We all have a story to tell, a story of collapsing to our knees, winded and weary, and then picking ourselves up from wherever we’ve fallen in order to keep going. What fuels our ability to persevere through loss and adversity? One short answer is faith. But what is faith and how does it really work? Because faith relates more to the heart than it does to logic, it’s something we can feel but not necessarily define with absolute certainty. We tend to think of faith as something we have or we don’t, as in having faith in God or the Universe, or in a worldly sense, as having faith in humanity or a particular organization. Yoga offers another perspective, one that links faith to personal practice.
The Sanskrit word śraddhā translates to faith or trust. But encased in this word is a deeper, more illuminating meaning. B.K.S. Iyengar describes śraddhā as mental and intellectual firmness, which fosters an innate trust (1). Vyasa, an original commentator on the Yoga Sūtras, interprets śraddhā as clarity of mind that sustains us as we move along with our yoga practice. When the mind is clear, truth reveals itself; With untainted vision, we can see the way forward and trust it (2).
Faith is something many of us long for, and it’s also something we need – a deep trust in our purpose, preceded by mental clarity and fortitude. Faith is, without question, a necessary component of yogic practice. It’s our sustenance, our spiritual nourishment. But faith is also a practice in and of itself. It’s a quality of being that need not be left up to chance, but rather is something we can cultivate. Just as any type of personal growth stems from effort rather than luck alone, we can develop a relationship with faith wherein it becomes a reliable and vibrant force in our lives.
Whether it’s faith in the potential for personal transformation, faith in humanity, or faith in the goal of equity and justice for all, it starts with quieting our minds. Cultivating faith is not a linear process, and that’s because focusing the mind and removing obstacles, like ignorance and attachment, are by no means easy undertakings. Our minds are wild and turbulent like the wind, and therefore seemingly impossible to control, so exclaims Arjuna in Bhagavad Gītā 6.34. But, Lord Krishna replies in 6.35, it is possible to control the mind, however obstinate it might be, through practice and detachment. Yet, try as we might, sometimes the mind is steady and focused, revealing our true nature, and at other times we identify with our fluctuating thoughts (See Yoga Sūtras 1.3 and 1.4). Such is the nature of practice.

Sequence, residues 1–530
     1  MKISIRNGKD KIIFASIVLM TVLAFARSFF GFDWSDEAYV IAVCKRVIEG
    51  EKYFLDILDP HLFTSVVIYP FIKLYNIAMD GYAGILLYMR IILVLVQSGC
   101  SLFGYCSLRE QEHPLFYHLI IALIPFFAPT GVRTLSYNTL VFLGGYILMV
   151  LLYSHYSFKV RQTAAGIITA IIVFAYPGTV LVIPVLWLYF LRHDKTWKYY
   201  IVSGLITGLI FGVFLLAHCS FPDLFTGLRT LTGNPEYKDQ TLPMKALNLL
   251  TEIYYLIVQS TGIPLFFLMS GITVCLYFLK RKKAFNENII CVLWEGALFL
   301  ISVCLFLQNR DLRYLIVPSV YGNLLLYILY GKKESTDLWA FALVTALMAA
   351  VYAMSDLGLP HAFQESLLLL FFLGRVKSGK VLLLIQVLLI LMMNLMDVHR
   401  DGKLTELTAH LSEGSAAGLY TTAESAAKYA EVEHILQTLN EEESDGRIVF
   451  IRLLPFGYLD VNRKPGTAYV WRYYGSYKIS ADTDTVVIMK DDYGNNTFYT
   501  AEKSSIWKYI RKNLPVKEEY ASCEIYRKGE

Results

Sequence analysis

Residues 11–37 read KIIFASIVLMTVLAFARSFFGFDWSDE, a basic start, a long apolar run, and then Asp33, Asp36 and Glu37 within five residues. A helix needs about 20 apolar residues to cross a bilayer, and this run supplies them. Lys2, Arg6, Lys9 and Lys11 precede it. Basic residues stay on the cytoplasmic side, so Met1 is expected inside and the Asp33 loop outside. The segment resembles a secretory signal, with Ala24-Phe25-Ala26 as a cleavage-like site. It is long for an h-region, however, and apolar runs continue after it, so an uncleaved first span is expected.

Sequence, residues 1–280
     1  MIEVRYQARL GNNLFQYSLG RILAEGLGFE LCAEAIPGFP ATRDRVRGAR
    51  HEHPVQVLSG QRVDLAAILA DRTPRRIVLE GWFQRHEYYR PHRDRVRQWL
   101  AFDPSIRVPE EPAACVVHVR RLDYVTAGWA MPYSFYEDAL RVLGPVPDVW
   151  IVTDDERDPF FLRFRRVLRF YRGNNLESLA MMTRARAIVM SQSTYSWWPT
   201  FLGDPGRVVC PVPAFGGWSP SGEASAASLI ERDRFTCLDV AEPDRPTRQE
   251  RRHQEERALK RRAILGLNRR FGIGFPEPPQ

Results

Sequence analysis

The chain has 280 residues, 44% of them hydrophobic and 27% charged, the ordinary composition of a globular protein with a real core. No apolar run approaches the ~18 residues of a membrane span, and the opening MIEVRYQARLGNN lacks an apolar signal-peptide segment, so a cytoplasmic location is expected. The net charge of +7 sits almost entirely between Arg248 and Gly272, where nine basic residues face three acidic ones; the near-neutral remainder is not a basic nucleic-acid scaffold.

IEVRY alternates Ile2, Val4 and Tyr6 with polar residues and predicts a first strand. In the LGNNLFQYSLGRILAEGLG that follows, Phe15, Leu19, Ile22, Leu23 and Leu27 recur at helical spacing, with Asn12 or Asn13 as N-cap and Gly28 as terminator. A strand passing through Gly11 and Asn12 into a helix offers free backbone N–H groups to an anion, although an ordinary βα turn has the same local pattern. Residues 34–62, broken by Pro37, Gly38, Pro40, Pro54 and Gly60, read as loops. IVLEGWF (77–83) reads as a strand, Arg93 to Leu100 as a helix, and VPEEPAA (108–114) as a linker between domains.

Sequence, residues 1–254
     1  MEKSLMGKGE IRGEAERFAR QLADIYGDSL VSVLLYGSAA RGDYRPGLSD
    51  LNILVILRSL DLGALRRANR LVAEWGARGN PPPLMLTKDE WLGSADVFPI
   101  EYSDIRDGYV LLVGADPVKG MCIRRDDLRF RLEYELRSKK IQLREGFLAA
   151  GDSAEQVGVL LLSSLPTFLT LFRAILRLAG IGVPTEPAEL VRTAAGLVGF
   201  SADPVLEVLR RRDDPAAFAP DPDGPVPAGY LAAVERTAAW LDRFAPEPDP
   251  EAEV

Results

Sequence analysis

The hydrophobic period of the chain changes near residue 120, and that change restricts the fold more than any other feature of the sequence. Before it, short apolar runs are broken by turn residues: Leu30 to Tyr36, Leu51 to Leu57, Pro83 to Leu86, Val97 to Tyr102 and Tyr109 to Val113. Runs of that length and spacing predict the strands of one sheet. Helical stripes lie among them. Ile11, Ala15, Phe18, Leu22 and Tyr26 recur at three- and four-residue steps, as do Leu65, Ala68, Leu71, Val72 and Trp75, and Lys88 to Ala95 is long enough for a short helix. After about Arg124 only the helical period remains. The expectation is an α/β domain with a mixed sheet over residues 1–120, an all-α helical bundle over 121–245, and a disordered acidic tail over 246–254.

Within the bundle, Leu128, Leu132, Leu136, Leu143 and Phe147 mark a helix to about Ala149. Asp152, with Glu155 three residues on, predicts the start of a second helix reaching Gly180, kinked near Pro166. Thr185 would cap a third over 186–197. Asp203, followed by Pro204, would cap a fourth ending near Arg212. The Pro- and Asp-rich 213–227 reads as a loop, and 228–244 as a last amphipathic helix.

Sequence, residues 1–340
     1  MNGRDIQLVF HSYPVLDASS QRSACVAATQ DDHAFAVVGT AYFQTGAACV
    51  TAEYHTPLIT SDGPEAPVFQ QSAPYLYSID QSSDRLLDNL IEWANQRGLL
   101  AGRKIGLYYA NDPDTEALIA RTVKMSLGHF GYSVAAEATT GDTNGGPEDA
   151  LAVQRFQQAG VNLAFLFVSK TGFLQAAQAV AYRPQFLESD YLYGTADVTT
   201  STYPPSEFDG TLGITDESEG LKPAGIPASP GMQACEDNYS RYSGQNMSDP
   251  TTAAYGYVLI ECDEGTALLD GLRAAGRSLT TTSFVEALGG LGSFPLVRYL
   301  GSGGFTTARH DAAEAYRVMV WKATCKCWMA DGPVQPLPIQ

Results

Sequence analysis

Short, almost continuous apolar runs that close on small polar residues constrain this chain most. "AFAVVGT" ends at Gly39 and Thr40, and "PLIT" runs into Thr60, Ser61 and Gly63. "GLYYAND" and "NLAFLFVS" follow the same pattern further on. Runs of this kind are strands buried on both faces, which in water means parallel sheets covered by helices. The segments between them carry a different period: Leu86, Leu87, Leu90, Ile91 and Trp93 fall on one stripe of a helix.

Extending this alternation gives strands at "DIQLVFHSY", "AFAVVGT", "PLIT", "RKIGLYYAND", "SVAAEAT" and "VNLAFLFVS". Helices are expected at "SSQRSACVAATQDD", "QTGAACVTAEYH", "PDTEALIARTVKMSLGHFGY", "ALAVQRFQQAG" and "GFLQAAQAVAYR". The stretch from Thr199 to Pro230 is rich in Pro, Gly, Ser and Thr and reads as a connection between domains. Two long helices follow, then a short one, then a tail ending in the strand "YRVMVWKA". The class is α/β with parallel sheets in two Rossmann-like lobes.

As we work to transform ourselves and better the world around us, it’s normal and necessary to fall down from time to time, whether from the weight of doubt and despair, a wave of humility, or just exhaustion. But within spiritual work like yoga runs a river of grace. Each moment is an opportunity to examine ourselves, to course-correct, to try again, to make real change happen. If we give it the time faith will lead us somewhere special, towards authenticity, deeper empathy and compassion, so we truly become caretakers of each other. If we work to still our minds, truth will arise and reveal the next right steps.
We can’t force faith upon ourselves through any type of logical thinking, but we can allow it to expand within us by creating the necessary conditions to reveal our inner selves as holy places where truth does exist. In times of great despair and hardship, it may feel like we’re dragging ourselves across the floor, hoping for just a shred of strength to peel ourselves up. In those moments, practice faith like medicine. Be still and listen. Just like a sailor must know the direction of the wind in order to guide the ship, we must know truth in order to persevere. We must seek out that divine wisdom, adjust our course accordingly, and then allow that steady breath to fill our sails. It will lead us to where we need to go.
(1) Iyengar, B.K.S., translator. Light on the Yoga Sūtras of Patañjali. Thorsons, 2002, p 75.
(2) Bryant, Edwin F., translator. The Yoga Sūtras of Patañjali. North Point Press, 2009, p. 77-78.